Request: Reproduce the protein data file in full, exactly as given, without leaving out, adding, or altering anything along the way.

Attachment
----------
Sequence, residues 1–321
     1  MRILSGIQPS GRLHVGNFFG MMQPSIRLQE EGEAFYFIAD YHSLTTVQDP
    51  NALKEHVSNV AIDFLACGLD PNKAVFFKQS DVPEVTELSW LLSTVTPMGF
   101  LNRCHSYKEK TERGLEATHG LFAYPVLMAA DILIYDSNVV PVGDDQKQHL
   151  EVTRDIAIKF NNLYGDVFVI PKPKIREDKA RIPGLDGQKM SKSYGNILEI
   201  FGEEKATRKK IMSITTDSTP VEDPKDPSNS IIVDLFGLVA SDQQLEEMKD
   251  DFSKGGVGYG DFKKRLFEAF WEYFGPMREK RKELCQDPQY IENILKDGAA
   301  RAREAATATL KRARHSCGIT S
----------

Sequence, residues 1–321
     1  MRILSGIQPS GRLHVGNFFG MMQPSIRLQE EGEAFYFIAD YHSLTTVQDP
    51  NALKEHVSNV AIDFLACGLD PNKAVFFKQS DVPEVTELSW LLSTVTPMGF
   101  LNRCHSYKEK TERGLEATHG LFAYPVLMAA DILIYDSNVV PVGDDQKQHL
   151  EVTRDIAIKF NNLYGDVFVI PKPKIREDKA RIPGLDGQKM SKSYGNILEI
   201  FGEEKATRKK IMSITTDSTP VEDPKDPSNS IIVDLFGLVA SDQQLEEMKD
   251  DFSKGGVGYG DFKKRLFEAF WEYFGPMREK RKELCQDPQY IENILKDGAA
   301  RAREAATATL KRARHSCGIT S